In our example we are executing the CGI program pluginCgi.exe after the file is uploaded. You can put any CGI program here you want, including a Rexx program if your web server supports executing Rexx via CGI. Line 19 is used to pass a parameter to the CGI program. This works because our plug-in ignores parameters it doesn't recognize, just as Netscape ignores parameters to the embed tag it doesn't recognize, which means you can use <embed> parameters to pass arguments to the CGI program that is executed after the file is uploaded. A summary of the parameters for the embed tag used by Netscape and the WarpDoctor plug-in is show in the table below; you can add any parameters you want for passing to the CGI program as long as the name doesn't conflict with what is shown in this table..

TABLE 3. Embed Parameters used by Netscape and the WarpDoctor Plug-in
Parameter Name

Used By




Specifies the name of a CGI program to execute after the file is uploaded



Specifies the name of a URL to be displayed after the file is uploaded.



Number of seconds to leave window open before closing window. 0 = never close window - make the user do it. When the plug-in generates its own messages or error messages, the window that the message is displayed in is automatically closed after the number of seconds specified in the autoCloseWin parameter.



Specifies the line-type to use for the border. 0 = no border



Turns on debug messages for the CGI program supplied in the WarpDoctor source distribution pluginCgi.exe



If PmPrintf has been compiled in the plug-in, sends debug messages out to PmPrintf.



The name of the file that is to be uploaded



Specifies the URL of the FTP server to being used for uploading.



Specifies whether the plug-in appear in the HTML page or not



Specifies the name of the plug-in to be loaded



Specifies what to do with the original of the file that is uploaded. 1 = leave original, 2 = delete original after upload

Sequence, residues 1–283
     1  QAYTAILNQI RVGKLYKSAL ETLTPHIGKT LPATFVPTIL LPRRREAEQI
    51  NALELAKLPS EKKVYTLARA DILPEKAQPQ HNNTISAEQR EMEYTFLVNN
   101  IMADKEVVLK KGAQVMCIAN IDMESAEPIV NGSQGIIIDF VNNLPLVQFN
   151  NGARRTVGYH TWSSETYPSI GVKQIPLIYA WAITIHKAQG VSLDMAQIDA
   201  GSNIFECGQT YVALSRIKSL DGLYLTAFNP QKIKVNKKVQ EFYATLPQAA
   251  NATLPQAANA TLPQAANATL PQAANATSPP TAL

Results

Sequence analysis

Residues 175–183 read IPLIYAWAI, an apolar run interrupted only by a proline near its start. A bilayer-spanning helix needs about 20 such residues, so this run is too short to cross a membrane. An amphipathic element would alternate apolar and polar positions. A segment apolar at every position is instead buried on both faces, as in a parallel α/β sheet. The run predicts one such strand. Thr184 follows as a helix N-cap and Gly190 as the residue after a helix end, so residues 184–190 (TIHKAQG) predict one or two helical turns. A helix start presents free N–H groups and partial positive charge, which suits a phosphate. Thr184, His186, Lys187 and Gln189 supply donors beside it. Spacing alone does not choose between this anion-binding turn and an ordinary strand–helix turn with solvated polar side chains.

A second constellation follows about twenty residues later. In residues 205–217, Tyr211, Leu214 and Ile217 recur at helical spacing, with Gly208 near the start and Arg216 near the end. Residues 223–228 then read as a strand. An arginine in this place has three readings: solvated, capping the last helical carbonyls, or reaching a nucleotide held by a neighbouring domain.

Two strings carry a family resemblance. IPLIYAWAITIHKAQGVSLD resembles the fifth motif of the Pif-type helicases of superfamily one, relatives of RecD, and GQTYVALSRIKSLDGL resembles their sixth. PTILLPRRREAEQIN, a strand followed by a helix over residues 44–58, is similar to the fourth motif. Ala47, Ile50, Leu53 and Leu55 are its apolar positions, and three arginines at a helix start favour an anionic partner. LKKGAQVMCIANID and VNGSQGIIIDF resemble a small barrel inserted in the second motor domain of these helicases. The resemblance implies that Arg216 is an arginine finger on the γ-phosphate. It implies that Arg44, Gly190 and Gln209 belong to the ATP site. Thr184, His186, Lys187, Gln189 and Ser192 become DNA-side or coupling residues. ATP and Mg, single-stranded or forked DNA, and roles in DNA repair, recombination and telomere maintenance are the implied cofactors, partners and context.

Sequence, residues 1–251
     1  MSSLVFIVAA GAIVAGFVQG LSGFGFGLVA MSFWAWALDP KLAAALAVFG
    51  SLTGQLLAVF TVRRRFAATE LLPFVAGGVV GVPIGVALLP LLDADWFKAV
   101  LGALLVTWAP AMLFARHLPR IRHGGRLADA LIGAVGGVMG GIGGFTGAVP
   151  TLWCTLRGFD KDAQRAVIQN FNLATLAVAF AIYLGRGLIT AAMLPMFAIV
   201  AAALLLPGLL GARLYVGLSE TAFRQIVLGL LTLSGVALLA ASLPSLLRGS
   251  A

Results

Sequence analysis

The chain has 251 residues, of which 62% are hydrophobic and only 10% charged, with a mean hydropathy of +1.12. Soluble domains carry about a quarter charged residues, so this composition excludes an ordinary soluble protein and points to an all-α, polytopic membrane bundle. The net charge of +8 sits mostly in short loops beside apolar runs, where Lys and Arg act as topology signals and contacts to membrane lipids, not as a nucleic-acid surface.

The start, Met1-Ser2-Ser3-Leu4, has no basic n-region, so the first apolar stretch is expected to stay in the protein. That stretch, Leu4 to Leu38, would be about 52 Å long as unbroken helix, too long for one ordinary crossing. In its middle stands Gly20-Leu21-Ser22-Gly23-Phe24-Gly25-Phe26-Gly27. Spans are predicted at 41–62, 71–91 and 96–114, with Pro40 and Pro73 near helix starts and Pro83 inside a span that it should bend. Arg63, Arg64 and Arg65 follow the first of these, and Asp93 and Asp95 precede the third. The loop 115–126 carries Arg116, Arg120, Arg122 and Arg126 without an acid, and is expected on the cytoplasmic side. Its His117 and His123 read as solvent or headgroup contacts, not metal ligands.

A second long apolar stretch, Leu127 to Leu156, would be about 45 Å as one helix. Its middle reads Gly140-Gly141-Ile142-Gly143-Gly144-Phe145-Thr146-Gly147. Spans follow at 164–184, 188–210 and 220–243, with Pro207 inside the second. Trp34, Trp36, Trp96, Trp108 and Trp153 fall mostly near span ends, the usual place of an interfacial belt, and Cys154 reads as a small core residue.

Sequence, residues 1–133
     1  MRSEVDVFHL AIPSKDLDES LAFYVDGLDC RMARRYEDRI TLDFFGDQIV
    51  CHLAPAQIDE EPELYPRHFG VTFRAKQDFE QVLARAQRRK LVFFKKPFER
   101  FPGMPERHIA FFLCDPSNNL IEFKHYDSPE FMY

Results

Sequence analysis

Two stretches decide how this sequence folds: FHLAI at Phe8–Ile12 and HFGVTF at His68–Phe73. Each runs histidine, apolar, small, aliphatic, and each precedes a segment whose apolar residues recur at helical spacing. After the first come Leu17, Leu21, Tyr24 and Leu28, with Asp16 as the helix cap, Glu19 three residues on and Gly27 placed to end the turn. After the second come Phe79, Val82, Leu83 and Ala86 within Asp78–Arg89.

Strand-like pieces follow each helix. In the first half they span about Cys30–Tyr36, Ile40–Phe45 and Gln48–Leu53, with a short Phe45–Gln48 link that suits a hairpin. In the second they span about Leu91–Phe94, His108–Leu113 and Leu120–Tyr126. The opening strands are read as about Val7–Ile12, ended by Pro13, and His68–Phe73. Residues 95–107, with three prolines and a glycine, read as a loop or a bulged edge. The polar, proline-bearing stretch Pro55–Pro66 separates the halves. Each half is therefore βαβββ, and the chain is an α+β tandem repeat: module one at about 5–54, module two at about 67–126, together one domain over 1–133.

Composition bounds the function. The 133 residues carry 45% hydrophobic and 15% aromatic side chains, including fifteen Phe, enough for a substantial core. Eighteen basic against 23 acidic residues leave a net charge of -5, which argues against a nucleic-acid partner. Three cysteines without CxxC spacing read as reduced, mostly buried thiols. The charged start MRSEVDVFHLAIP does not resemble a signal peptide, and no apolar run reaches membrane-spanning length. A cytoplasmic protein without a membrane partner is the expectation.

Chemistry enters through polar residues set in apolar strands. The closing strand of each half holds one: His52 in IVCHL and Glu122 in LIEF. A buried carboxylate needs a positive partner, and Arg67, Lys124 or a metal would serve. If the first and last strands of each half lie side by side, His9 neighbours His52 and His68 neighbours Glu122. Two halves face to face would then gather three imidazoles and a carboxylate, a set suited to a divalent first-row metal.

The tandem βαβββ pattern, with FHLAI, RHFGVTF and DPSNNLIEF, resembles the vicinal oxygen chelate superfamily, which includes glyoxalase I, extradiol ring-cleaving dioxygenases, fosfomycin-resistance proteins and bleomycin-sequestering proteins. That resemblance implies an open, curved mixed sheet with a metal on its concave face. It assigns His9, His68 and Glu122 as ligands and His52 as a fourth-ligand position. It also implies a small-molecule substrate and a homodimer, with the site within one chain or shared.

Target for output messages -and the window the CGI output is displayed in, if AfterCgi is present. Valid values are _self = same window that loaded the plug-in, _blank = a blank new window, name = the name of a frame which must already be open



Specifies the MIME type associated with this plug-in instant

In the WarpDoctor Plug-in source package is included the CGI program pluginCgi.exe. This is used in our example to produce a message showing that the CGI program has been executed. If you use the CgiDebug parameter then pluginCgi.exe will show all the parameter names and values passed to it when it starts up. PluginCgi.exe is also used by the WarpDoctor plug-in to display error and status messages when the plug-in is not able to create temporary files on the client workstation, so pluginCgi.exe should be installed in the cgi-bin directory of any web server you are going to use the plug-in from. PluginCgi.exe is mostly the shell of a CGI program that you can take and modify to create your own CGI program. The main function is shown below.

Line 19 of plugin_fileupload2.html sets the parameter ACTION=79 when the plug-in is loaded. The ACTION parameter is passed from the plug-in to the CGI program pluginCgi.exe, which on line 32 above causes the CGI program to output the message "CGI would do something here". Notice that lines 49-54 in the figure above show how to output from a CGI program in HTTP message format.

Some Example Plug-in Functions

This section will show some examples of plug-in code from both the WarpDoctor plug-in and from the NPSHELL sample supplied in the Netscape Plug-in SDK.

Each instance of a plug-in has a pointer that can be assigned to storage allocated for holding data that needs to be passed between the plug-in and Netscape methods. An example of a very simple structure that is passed to the functions, from NPSHELL, is shown below. You can add your own fields to the structure for storing data you need for your plug-in.